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SOME years after the death of Abel, men became numerous on the earth, they also grew so wicked that the Almighty determined to destroy them; but there was one man who found favor in his sight, whose name was Noah: the Lord, therefore, told Noah to build an ark; that is, a wooden house; which should float upon the waters, large enough to hold himself, his children, and such of the birds and beasts as were to be saved: he was commanded to take some of all kinds of living things with him into the ark, and some of all food that was eaten, both for himself and for them: and God declared that as a punishment for the sins of the world, He would bring a flood of waters upon the earth that should destroy every other living thing.
Noah did as he was commanded: and he was 600 years old when he entered the ark with all his family; and as soon as they were safely shut in, we read that the fountains of the great deep were broken up and the windows of heaven were
opened, the rain poured down in torrents for forty days and forty nights, and the flood was so great that the tops of the highest mountains were covered. Oh! how very dreadful it is to disobey such a powerful God, who can destroy us in a moment, if he please, but this mighty God is also called, in the Bible, the God of love; and the same Being who commanded the waters to destroy the earth, condescends to love little children, if they do but wish to please Him.
At the end of 150 days it did not rain so much, and after Noah had been some time in the ark, he sent out a dove, because he thought, if the waters were gone, she would not return, but she could find no place to rest upon, and returned to him again.
In a few days he sent the dove out once more, and she brought back a small olive branch in her mouth: by this Noah knew that the waters were partly dried up; and when he sent her out the third time, she returned to him no more. After this the Lord told Noah to come out of the ark with his family, and all the birds, beasts, and creeping things; and, when they were all once more on the earth, Noah built an altar, and offered burnt
offerings to that God who had so wonderfully preserved him.
And God promised Noah that he would no more destroy the earth with a flood: and He said, "This is the token of the covenant which I make between me and you, and every living creature that is with you, for perpetual generations: I do set my bow in the cloud, and it shall be for a token. of a covenant between me and the earth. And it shall come to pass, when I bring a cloud over the earth, that the bow shall be seen in the cloud: and I will remember my covenant which is between me and you, and every living creature of all flesh; and the waters shall no more become a flood to destroy all flesh."
You have all, I do not doubt, seen the beautiful rainbow in the sky; I cannot here enter into any particular description of this glorious bow, which is always seen exactly opposite the sun, and is in reality produced by the rays of light from the sun, falling on the drops of rain contained in the cloud. It must, indeed, have been a cheering sight to Noah and his family when they had so long beheld nothing but torrents of rain, to see the clouds break, and once more to behold the bright sun after his long absence;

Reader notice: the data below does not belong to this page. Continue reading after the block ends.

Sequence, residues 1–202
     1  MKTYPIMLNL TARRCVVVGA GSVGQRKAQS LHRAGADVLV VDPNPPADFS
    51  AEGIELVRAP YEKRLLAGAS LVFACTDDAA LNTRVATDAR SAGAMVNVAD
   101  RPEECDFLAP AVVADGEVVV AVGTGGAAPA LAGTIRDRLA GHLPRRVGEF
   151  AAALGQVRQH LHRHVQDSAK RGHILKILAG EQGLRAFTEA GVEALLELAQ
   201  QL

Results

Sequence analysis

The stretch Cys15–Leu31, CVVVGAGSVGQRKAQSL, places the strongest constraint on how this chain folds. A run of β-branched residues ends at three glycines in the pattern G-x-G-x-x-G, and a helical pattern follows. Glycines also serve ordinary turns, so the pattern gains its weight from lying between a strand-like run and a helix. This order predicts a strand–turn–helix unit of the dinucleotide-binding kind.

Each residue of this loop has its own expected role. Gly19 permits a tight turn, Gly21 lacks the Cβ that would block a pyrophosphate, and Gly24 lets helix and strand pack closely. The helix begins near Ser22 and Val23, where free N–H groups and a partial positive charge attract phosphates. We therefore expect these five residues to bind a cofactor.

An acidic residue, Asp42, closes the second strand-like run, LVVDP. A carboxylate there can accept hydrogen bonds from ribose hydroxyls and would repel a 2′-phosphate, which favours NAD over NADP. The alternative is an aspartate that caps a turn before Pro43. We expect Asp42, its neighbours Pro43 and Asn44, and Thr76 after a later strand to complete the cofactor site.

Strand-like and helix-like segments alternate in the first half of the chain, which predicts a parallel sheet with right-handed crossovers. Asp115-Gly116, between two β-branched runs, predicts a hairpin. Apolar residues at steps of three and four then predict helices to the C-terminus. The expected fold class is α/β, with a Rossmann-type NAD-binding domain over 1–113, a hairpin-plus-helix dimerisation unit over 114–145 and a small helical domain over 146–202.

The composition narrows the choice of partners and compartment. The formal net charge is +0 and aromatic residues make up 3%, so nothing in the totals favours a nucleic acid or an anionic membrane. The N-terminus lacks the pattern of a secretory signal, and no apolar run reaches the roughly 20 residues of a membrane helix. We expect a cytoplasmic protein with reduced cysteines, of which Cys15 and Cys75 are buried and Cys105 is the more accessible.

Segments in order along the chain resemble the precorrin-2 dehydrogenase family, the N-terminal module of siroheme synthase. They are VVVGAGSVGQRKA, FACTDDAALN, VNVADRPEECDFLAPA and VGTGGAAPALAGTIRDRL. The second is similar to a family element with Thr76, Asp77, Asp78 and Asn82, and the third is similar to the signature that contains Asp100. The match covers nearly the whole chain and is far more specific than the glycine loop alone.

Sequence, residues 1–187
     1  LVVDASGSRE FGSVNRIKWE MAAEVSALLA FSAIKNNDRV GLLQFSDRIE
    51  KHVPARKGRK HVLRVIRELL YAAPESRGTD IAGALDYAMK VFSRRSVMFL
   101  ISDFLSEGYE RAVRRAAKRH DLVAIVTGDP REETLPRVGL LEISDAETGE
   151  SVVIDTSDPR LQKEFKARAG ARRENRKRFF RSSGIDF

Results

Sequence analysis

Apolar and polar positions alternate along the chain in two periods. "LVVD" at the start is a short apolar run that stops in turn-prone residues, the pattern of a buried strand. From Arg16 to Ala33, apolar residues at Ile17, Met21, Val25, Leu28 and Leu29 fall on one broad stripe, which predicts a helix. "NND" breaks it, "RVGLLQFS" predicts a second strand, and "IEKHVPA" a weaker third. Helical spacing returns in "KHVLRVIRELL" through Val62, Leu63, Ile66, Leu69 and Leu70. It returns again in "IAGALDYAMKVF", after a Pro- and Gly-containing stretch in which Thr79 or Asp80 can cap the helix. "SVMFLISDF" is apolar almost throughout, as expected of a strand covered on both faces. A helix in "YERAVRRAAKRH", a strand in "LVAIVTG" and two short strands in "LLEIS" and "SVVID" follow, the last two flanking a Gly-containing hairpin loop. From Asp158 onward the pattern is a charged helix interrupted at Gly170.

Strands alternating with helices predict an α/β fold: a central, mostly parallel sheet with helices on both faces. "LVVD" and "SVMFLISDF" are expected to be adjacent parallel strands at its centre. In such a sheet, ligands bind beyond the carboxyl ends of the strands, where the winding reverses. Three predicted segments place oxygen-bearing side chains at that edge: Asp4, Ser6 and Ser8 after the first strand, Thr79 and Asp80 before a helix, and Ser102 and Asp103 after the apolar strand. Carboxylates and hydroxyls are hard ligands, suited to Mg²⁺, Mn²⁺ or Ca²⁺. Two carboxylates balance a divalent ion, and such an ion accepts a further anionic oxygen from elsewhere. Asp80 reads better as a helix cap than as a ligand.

but when, for the first time, they beheld his dazzling rays guided by an all-powerful hand forming this beautiful arch in the dark cloud, they must, indeed, have praised Him who rules the storm, and owned the Lord for their God. Let us never look upon it without remembering that the word of the Lord is sure, and that the promise then made to his people has never been broken.
SOME years after the Deluge, there lived a man whose name was Abram, or, as he was afterwards called, Abraham, of whom I must tell you a little, as he was the father of a great and mighty people, for from him are descended the Israelites, also called the Jews, of whom you may read a great deal in the Bible.
I cannot tell you one quarter of the interesting events written there of this nation; and, indeed, there is no need that I should, for I hope you will take delight in
reading for yourselves: but if the very slight account that I may be able to give should lead one of you to search further, I shall not have written in vain.
Abraham was a good man, and God told him to leave his father's house, and his country, and go to a land which He would shew him, and where He promised to make of him a great nation. obeyed the command of the Lord, took with him his nephew Lot, and went into the land of Canaan, where they prospered, became very rich, and had so much substance that they could not dwell together, for the land was not able to sustain them.
Here we meet with an instance of meekness and forbearance on the part of this good man, which it would be well for us to imitate. We read that the herdsmen of Abraham's cattle, and the herdsmen of Lot's cattle, quarrelled; and, instead of being angry or displeased with Lot or his servants, Abraham said unto Lot, "Let there be no strife, I pray thee, between thee and me, and between thy servants and my servants, for we be brethren. Is not the whole land before thee? Separate thyself, I pray thee, from me: if thou wilt take the left hand, then